Before And After is very Led Zeppelin-like, and is another song that has never been played live. It is almost like a cut-down version of Here Again, but just as good. The track kicks off with an acoustic intro, then plunges into hard-rockin’.
And finally, the album closes with what quite possibly could be the best song on the entire album, Working Man. This song appealed to the midwest of the United States, and with good reason. This is a serious hard-rocker, and it’s not hard to imagine Jimmy Page at the guitar of this one. The middle of the track contains a kick-ass solo, which displays Alex’s best guitar work. Good luck trying to play this song by yourself!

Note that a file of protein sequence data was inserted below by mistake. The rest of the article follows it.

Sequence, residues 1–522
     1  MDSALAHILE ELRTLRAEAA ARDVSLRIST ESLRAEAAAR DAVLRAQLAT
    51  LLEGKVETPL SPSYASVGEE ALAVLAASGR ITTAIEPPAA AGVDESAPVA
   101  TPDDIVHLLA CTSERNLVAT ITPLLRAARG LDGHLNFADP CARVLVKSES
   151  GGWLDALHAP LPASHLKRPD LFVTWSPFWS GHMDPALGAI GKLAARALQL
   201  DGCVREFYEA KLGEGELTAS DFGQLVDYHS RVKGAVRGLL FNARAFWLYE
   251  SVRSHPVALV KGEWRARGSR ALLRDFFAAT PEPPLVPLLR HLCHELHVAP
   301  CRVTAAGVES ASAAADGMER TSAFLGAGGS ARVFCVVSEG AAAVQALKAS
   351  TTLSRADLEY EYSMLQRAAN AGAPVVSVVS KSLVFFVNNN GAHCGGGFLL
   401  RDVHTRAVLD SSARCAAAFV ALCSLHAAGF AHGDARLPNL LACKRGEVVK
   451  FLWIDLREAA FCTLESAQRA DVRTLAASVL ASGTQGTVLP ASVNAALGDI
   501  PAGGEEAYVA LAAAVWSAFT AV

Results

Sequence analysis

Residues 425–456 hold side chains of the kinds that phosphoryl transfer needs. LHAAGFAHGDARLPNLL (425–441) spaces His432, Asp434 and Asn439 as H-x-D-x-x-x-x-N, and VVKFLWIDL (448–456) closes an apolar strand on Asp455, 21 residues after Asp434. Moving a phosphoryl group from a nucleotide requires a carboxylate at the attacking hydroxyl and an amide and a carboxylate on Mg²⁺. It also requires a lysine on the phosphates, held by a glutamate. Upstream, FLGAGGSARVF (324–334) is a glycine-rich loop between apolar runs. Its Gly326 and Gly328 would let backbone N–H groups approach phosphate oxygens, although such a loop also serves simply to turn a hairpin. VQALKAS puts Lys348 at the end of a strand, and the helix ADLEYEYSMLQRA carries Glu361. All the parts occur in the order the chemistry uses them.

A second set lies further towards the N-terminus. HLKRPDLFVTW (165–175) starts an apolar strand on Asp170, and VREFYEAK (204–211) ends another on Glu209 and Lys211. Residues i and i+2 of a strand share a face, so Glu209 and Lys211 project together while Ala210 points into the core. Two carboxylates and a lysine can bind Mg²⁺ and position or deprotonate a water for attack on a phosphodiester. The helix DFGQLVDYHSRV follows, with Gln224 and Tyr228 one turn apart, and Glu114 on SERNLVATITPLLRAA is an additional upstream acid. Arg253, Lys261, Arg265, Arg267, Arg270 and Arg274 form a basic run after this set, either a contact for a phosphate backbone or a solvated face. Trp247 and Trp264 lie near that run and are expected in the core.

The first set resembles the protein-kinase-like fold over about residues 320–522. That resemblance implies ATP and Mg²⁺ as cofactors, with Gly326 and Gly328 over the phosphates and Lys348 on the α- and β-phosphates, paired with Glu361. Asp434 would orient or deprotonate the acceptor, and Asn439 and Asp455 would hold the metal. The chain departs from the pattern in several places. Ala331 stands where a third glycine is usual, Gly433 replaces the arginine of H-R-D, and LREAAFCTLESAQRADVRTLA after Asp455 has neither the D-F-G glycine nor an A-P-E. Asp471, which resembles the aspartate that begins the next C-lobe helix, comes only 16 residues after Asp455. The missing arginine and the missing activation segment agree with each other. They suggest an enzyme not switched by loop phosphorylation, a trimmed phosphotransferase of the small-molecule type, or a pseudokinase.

This album is an excellent way to begin a long career in the music industry. This is what built their fan base that stuck with them through more of their early albums. John Rutsey would leave the band before touring began, due to diabetes and the sheer workload of the extensive touring schedule. However, this would prove to be a blessing in disguise as the world’s most talented drummer would grace the presence of Alex and Geddy – which we shall see on the next album to come – Fly By Night.
I`m a BIG Rush fan. Alex, Geddy and first John Rutsy have started one of the many sestions of their career. What better way to start it then “Finding My Way”. EXELLENT DRUMWORK only to be picked up, and a little bit MORE added by Neil Peart. “What You`re Doing” is, and shall always be, a LEGEND in the Rush archives. “Before And After” starts out real slow, and picks up. “Working Man” STILL gets played on the radio!